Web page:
I stood up and looked down at Jesus. I didn’t know what to say. Twenty minutes ago he was rekindling the fire, and now he was talking about his own fire being snuffed out. I looked around at my companions—stunned into silence every one, even Bartholomew who always had some joke or jest on his lips. I started walking away. I needed to get away.
I thought I had everything figured out. I thought I knew what was to come. I saw him do amazing things: I saw him make the blind see and the lame walk. I saw him cleanse the leper’s skin. I saw him feed five thousand with enough to feed five. I saw him cry out in the storm and calm the waves. The words of the prophet were coming to life before my very eyes. The day before, Jesus had asked us who we thought he was. “You’re the Messiah,” I had said, and something inside me that was not myself told me I had spoken the truth.
But what kind of Messiah lets himself be led like some silent sheep to the slaughter? What kind of Messiah allows himself to be killed? The Messiah is the heir to David’s throne, the king who brings victory over our oppressors, the warrior who will sweep our enemies from our land and make us free once again. Not one who surrenders. Not a victim. Not a dead man.
These maddening thoughts crashed into me, and I dropped to one knee, my chest heaving, my cheeks moist with tears. I felt a hand on my shoulder and looked up. Jesus was there, looking down at me. “Why, Lord?” I snarled from my kneeling position. Then I stood up and shouted in his face: “Why? I trusted you. I called you Messiah and you did not deny it. I gave you my life, and for what? So that I might dig your grave?” I turned around and put my hands on my head, squeezing as if the pressure would keep my mind from flying apart. “Heavens preserve you, Lord. This must never happen to you.”
Jesus turned and looked at me or into me. When he spoke, his voice was calm, but commanding. “Get behind me, Satan! You are a stumbling block to me; for you are setting your mind not on godly things, but on human things.”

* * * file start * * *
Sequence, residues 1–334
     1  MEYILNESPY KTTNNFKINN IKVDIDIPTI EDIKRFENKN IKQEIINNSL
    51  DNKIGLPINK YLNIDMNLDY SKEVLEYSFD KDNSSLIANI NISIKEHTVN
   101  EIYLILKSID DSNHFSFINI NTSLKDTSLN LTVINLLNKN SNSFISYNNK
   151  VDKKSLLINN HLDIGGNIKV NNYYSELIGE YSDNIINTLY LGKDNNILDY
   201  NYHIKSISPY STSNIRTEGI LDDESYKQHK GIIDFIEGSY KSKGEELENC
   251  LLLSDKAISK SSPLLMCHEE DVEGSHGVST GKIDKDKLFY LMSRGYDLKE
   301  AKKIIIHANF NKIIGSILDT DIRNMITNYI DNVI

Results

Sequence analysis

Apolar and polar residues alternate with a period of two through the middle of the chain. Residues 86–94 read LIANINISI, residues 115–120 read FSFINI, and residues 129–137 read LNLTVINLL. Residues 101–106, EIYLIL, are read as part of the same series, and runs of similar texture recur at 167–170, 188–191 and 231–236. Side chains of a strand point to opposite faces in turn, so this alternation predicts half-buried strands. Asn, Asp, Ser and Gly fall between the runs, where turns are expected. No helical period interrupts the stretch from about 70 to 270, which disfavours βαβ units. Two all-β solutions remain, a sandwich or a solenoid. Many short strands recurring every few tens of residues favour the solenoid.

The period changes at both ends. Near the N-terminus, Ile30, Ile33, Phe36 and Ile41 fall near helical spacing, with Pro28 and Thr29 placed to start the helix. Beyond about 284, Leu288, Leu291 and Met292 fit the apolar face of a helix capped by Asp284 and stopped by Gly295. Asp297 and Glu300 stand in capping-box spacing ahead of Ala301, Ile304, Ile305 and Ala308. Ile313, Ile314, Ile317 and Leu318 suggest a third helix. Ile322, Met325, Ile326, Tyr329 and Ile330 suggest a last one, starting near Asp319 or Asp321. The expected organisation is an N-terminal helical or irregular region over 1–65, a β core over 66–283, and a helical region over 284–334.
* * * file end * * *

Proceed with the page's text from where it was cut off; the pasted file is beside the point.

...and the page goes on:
Then he walked back to camp, leaving me alone in the morning fog. “None of us is ever alone,” I heard him say, as in a distant memory. I followed him back to the fire, my thoughts as thick as the fog. Yesterday, I was Rock. Today, I am stumbling block? Yesterday, the father in heaven was revealing things to me. Today, my mind is set on human things. What happened? What changed?
I had been clinging so tightly to my own image of the Messiah that I failed to see this new, brilliant vision of the Christ in my midst. Where was his army marshalling to cast out the Romans? Where were his generals and siege towers and chariots? Of course, there were none. Instead of soldiers there were blind men with new eyes. Instead of swords and shields there were loaves and fishes. Instead of slaughter and death there was healing and life for all. I realized in that moment that I was the blind one: I missed what was there because I was looking for what was not. I was the deaf one: I had never heard Jesus properly because I was always filtering him through my own preconceptions. I vowed then and there to listen with new ears and see with new eyes.
As I reached the camp, I heard him say to our companions, “If any want to become my followers, let them deny themselves and take up their cross and follow me. For those who want to save their life will lose it, and those who lose their life for my sake will find it.”
I wanted to be that follower. But I couldn’t make it happen that cold morning. There were too many changes happening and just too much new information to process. And I couldn’t make it happen later that year. Instead of denying myself, I denied Jesus. Three times in one night. He took up his cross and I fled to save my life. But three days later, he rose from the dead, and I saw him, and that voice inside me remembered that he said he would do this. But was I his follower yet, even then?
The years bring clarity, and now I know that I was his follower even on that cold morning and on that terrifying night before his death. You see, being his follower had very little to do with how much I understood. I didn’t understand the kind of Messiah he was and yet he still welcomed me back, still loved me, no matter how much I shouted at him. Being his follower also had very little to do with how good I was at it. I denied him and yet he still welcomed me back, still loved me.
Yes, the years do bring clarity, and many things are clear to me now. Jesus never said that those who lose their life for his sake will save their life. The saving is Jesus’ job and his alone. No. He said that those who lose their life for his sake will find their life. You don’t find something without searching for it. The search gave me the space to let go of my preconceptions, to lose all those things I was holding onto so tightly—my own vision of the Messiah, my own need for Jesus to be exactly who I needed him to be. As I let go of those things, the search offered me the license to believe in Jesus without understanding everything he said or did. As my own death approaches, I see that the losing, the searching, and the finding are all somehow wrapped into one. The One I seek has already found me. The One I seek is bearing his cross with me. The One I seek is walking before me as I try to follow him.